H/t TPM for aspects of the story.

Chanukah 2014

I received this image from Jewish Voice for Peace, a brave organization whose motto is "Israelis, Palestinians. Two Peoples, One Future."

The group struggles for more light every day ... and they can always use the support of people who care for peace and justice.

Also heartening is Chanukah Action to End Police Violence which lists local actions, beginning today.

Monday, December 15, 2014

Beyond impunity for torturers

Nobody has done more to awaken people in the United States to our country's widespread adoption of torture in the context of our misguided response to the 9/11 attacks than Jane Mayer. Writing in the New Yorker and later in The Dark Side, she laid bare the torture policy long before our crimes became common knowledge. But choosing an unblinking gaze is dispiriting work; Mayer's current commentary on the Torture Report ends on a downbeat note.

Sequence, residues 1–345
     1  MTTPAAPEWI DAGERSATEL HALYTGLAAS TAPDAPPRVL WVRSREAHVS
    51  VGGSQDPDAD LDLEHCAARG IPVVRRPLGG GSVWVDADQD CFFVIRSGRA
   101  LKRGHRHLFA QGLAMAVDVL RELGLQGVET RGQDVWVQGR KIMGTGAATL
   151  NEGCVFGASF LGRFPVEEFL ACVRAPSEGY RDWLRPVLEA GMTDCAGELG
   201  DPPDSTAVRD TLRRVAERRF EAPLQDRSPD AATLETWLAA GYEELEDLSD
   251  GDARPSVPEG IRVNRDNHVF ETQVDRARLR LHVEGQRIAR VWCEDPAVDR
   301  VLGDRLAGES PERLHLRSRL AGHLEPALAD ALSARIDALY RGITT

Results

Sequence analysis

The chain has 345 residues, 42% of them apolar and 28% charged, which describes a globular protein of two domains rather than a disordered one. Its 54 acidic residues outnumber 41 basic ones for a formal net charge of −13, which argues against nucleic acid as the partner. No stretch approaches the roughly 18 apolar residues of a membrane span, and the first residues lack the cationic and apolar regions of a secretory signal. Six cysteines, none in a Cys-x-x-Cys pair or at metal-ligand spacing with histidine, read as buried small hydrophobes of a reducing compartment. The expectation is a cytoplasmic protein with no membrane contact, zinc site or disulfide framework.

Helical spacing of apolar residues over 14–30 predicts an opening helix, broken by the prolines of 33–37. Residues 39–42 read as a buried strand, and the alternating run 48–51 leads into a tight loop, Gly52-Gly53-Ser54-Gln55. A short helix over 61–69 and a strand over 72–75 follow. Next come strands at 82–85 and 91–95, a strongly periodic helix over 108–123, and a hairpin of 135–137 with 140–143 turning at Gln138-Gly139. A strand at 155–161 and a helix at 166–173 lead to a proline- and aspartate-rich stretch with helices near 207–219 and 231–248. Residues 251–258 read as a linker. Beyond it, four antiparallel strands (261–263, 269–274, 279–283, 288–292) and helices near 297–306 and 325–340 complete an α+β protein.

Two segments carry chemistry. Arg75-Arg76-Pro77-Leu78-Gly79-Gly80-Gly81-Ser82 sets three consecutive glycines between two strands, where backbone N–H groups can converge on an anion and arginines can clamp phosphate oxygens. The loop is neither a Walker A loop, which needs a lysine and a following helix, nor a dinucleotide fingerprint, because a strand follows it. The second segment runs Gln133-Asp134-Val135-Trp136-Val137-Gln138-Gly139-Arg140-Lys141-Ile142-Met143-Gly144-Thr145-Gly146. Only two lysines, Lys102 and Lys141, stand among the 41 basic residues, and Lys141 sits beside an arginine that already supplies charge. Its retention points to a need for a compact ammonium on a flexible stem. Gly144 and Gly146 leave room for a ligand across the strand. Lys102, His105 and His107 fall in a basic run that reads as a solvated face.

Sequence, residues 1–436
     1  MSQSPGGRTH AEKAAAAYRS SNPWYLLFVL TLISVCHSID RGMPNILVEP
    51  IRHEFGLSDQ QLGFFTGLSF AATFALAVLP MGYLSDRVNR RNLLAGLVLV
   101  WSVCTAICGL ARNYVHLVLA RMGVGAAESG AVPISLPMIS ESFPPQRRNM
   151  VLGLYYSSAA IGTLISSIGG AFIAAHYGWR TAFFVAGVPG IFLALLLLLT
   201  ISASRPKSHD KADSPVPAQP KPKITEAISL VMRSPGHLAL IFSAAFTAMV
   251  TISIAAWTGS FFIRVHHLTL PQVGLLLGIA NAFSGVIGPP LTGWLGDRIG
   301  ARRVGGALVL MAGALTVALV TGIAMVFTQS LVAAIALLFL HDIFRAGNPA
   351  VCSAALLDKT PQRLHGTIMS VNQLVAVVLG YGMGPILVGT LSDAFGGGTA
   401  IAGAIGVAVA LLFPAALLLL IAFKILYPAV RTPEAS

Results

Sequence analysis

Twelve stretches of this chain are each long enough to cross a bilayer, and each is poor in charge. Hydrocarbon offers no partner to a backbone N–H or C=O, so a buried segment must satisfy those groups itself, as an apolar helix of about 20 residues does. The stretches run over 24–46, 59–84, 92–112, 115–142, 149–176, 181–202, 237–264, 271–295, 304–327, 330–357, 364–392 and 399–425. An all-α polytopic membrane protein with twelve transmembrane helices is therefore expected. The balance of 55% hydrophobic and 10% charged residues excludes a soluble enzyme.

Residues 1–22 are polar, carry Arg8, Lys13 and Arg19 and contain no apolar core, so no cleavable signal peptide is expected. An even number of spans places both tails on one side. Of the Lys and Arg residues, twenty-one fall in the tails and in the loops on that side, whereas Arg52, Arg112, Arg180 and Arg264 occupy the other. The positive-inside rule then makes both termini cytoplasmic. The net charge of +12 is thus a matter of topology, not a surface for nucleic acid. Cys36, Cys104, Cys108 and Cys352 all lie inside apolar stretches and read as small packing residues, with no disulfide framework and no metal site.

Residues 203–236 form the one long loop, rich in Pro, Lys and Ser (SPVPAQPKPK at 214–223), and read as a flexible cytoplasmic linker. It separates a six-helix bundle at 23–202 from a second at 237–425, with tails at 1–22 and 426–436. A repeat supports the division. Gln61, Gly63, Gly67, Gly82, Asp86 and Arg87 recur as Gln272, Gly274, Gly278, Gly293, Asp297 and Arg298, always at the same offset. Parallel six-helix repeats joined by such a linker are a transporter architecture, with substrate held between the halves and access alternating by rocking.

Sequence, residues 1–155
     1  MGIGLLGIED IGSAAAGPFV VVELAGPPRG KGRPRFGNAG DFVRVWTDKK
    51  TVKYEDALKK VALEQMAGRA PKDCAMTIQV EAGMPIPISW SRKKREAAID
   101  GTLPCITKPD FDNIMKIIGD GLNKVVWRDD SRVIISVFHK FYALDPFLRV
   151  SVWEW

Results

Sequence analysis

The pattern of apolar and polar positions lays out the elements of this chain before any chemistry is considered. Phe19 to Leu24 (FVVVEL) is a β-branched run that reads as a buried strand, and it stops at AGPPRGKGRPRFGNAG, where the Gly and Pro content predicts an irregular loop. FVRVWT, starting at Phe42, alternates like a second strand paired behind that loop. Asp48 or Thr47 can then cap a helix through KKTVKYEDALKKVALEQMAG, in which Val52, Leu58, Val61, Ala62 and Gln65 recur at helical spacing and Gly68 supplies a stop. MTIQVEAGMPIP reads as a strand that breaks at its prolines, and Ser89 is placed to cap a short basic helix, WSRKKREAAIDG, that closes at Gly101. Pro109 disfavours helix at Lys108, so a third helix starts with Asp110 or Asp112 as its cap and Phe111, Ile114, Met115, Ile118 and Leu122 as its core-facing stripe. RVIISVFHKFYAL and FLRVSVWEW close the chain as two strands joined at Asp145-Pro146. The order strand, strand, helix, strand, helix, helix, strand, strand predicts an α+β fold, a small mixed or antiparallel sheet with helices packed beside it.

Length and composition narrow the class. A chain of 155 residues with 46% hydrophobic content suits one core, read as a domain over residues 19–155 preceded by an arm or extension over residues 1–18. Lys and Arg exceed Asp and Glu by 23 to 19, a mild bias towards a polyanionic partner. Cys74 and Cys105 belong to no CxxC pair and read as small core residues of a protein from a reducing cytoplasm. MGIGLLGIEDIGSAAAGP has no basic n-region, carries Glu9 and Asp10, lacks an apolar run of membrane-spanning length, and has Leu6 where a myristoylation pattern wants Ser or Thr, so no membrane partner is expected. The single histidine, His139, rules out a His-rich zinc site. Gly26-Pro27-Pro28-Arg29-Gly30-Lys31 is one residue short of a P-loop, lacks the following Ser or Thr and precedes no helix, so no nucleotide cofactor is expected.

[Darius] Rejali, [professor of political science at Reed College] who has studied the tension between torture and democracy around the world, says that “there’s a five- or six-year window for any kind of accountability. We’re now past that window. The two sides are entrenched.” Without a mutual acknowledgment of the mistakes made, and some form of accountability, he warned, another reversion to torture may be difficult to prevent: “Nothing predicts future behavior as much as past impunity.”

Undoubtedly, Professor Rejali knows whereof he speaks. Dick Cheney is almost certain to avoid legal punishment for the atrocities he caused to be done to prisoners and to the values of this country. That contraption he uses for a heart will likely malfunction before justice gets to him.

But actually the history of countries that have adopted torture after ostensibly repudiating it is not as simple as Rejali suggests. Even if they fail to move against the crime during the short immediate window he identifies, that does NOT mean that the struggle to end impunity is over. It looks as if there are multiple windows, particularly as some of the more powerful perpetrators die off, in which national re-evaluation and even apology for past wrongs can be won.